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Rats do not believe in virtual reality
Rats do not believe in virtual reality
If you were a rat living in a completely virtual world like the Matrix , would you know about it? Maybe not, but scientists believe that your brain could be sure. Recent studies have shown that certain brain cells of rats operate differently depending on whether the animals are in a virtual reality world or real.
Neurons in question, known as spatial cells, they respond to changes in the location of the body and are found in the hippocampus – part of the brain responsible for spatial orientation and memory. When you leave the house, these cells fail, recalling that in two steps from the door to a bush. They work again when you get home and walk next to a bush, even though you are moving in the opposite direction. Scientists have long suspected that these cells help the brain generate a map of the world around us. But how cells recognize the fact that they are in some place for the first time?
Previous studies have shown that these cells rely on three different types of information. First, they analyze the “visual cues” that is what you see around you. Second, they analyze the so-called “self-movement signals.” These signals are provided on how your body is moving in space, and are the reason that you can find a way out of the room with the lights off. The last type of information – a “proximal signals” that capture data about your surroundings. The smell of the bakery on the way to work, the sounds of the streets, clogged, pattern on the grass in the park – all these proximal signals.
In the real world it is very difficult to counterfeit the work of each of these signals. But in a virtual reality, scientists can control them. The experiment involved a rat sitting on a ball around which changed filmopodobnye image, creating the impression that a rat sitting on a treadmill. Their sense of space relied on visual cues and signals from the projection of self-propulsion, but they did not have proximal signals of sound and smell.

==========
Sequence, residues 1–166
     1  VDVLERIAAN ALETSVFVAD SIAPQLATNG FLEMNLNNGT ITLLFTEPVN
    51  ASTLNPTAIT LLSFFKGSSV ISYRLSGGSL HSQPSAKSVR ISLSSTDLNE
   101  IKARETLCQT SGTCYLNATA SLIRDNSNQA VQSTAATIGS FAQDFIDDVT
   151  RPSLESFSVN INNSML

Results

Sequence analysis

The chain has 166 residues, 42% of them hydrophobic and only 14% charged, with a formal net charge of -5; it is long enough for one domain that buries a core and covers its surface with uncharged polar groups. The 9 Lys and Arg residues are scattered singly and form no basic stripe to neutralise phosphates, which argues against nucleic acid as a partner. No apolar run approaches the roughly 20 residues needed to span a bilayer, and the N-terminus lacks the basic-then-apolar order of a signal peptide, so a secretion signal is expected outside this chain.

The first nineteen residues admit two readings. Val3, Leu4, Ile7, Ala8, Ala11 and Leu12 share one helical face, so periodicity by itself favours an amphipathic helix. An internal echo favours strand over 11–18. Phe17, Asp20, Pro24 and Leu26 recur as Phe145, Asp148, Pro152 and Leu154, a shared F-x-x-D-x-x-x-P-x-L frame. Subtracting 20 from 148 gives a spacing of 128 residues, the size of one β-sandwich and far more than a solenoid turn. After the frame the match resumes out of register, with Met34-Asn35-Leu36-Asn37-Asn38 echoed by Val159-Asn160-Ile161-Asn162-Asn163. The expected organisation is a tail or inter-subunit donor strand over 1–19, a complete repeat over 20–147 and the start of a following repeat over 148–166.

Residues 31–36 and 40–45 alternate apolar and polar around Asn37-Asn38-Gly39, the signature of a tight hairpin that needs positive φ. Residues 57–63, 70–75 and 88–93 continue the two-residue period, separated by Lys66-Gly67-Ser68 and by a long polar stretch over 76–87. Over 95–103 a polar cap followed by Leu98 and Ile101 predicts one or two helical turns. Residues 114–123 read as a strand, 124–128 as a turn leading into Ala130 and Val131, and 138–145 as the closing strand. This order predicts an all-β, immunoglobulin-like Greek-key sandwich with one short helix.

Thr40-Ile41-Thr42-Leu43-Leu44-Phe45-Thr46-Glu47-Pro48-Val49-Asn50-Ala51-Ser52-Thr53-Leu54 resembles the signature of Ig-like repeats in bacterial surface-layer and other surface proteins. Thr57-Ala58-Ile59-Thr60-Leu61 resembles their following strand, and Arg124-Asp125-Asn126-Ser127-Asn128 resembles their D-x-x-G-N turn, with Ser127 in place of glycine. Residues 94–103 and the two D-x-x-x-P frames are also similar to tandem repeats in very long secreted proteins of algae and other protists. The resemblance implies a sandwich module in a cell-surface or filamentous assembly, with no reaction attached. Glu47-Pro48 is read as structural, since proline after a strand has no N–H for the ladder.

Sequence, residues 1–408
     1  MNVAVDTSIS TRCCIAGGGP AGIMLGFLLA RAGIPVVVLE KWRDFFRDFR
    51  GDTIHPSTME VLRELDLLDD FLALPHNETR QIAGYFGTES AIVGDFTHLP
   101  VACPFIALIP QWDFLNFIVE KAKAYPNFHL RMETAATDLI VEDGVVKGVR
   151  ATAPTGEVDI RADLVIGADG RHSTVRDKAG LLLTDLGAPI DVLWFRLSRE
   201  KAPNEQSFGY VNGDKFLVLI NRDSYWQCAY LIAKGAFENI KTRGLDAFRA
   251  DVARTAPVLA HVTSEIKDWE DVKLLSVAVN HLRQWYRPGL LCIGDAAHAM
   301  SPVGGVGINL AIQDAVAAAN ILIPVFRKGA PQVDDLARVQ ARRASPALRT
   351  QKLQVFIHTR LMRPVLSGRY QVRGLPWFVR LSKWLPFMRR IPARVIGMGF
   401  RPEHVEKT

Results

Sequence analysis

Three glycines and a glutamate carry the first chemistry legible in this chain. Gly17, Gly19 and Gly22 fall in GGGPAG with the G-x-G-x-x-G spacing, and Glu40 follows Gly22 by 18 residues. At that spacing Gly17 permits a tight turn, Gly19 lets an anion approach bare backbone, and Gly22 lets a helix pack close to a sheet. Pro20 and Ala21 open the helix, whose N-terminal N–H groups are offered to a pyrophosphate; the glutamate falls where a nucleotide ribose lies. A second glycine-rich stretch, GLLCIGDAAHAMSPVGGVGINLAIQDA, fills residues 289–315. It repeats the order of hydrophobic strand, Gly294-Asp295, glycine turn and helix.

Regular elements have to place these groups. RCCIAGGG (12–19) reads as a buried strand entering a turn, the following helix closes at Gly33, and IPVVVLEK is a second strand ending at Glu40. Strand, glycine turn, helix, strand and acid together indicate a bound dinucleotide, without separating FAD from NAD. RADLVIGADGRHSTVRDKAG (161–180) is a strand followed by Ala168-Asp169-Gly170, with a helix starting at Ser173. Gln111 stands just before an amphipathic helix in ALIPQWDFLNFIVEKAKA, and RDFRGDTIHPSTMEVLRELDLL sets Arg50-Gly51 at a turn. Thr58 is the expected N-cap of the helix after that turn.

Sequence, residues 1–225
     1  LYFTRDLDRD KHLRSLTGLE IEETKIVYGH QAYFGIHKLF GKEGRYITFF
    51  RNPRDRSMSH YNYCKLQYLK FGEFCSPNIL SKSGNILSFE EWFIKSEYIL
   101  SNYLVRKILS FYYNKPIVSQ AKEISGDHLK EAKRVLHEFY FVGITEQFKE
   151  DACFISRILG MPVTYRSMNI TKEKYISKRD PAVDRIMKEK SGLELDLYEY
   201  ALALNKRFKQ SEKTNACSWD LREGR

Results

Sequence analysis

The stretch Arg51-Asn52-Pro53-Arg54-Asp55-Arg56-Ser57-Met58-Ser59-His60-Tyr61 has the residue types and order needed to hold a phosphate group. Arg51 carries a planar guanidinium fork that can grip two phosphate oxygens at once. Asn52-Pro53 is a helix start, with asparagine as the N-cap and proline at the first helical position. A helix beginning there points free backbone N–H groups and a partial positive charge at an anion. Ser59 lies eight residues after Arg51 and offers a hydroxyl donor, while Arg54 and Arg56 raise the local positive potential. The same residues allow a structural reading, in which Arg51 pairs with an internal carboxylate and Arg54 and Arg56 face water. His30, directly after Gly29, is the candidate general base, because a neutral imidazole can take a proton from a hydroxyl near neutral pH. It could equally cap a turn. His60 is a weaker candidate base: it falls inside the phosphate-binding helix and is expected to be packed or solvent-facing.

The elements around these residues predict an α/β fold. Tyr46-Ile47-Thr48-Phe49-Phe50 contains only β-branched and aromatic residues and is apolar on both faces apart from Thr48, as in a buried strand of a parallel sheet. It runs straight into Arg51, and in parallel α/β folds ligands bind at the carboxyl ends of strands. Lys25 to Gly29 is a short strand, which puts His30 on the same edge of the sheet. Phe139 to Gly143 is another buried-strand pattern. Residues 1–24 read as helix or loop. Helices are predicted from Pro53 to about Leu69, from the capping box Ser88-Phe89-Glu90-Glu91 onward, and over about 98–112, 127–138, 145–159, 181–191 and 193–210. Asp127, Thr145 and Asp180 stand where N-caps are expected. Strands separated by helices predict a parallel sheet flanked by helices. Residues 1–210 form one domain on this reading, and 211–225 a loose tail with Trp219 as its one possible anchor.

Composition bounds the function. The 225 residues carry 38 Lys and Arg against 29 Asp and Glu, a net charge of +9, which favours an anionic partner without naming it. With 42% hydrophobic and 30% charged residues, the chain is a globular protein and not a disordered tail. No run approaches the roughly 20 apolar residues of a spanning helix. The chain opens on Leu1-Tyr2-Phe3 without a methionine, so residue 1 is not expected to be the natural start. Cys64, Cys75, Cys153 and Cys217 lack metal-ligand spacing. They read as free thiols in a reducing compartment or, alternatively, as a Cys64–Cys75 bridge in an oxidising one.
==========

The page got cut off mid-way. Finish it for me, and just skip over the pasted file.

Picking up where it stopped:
When Mayank Mehta, a neuroscientist at the University of California, compared the activity of cells, running on a real track, with the activity of cells of rats running on virtual reality, he found a few fun patterns. In the real world, about 45% of the spatial cells of rats were activated by a section of the track. In the virtual reality – only 22%. “Half of the neurons simply silent” – he says.
Moreover, the spatial cells seem to have a completely different relationship to space in a virtual reality, rather than in the real one. Remember, your spatial cells are activated when you are in the corner of the entrance to your house? In the wild rat version of these neurons will be activated in the corner after the start, and after that – when the rat will return to the same point. However, in the virtual reality is something strange. Instead of being activated during the second time returns to the starting point of rat, cells are activated when the rat is a few steps from the opposite end of the track. As well your cells can be activated once, when you leave the house, and the second – when you come to the car. Instead, the location of the rat in the absolute space cells account for its relative position on the treadmill. Meta called it “a disto-code” and noted that in the real world this does not happen ever.
Meta suspects that the differences in the spatial activity of cells due to the lack of virtual reality in the proximal signals. It is believed that the neurons are disabled in the virtual reality, are those that are responsible for the perception of smell, sound textures, followed by conversion to the information on the location of the rat. Given that, when these signals disappear rat cognitive map changes orientation with absolute position relative to the proximal signal may be a key component responsible for mental map the real world.
“While the proximal signals are present, they have the power of veto. They do not allow fire disto-code. ”
Loren Frank, a neurologist from San Francisco, did not participate in the experiment, the experiment impressed Mehta and the conclusions of the last relatively flexible system mapping of the hippocampus. But he warns that the strength of the proximal signals with respect to the visual can be very different in rats and humans.
“We have a tendency to believe that other organisms perceive the world as well as us,” – he said. – “But unlike humans, rats, too damn bad they see.” Instead, they rely on the sense of touch and smell. Hence, the proximal exception signals may affect them to a greater extent than people.
Daniel Dombek, a neuroscientist at Northwestern University in Evanston, and is not associated with the experiment, agrees that the new study “interesting.” He also evinces the assumption that the interest in modeling virtual world for rats will only grow.
In the human world as we are waiting for the appearance of the first fruits of augmented reality .
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Tags: Virtual Reality , Augmented Reality , Brain .
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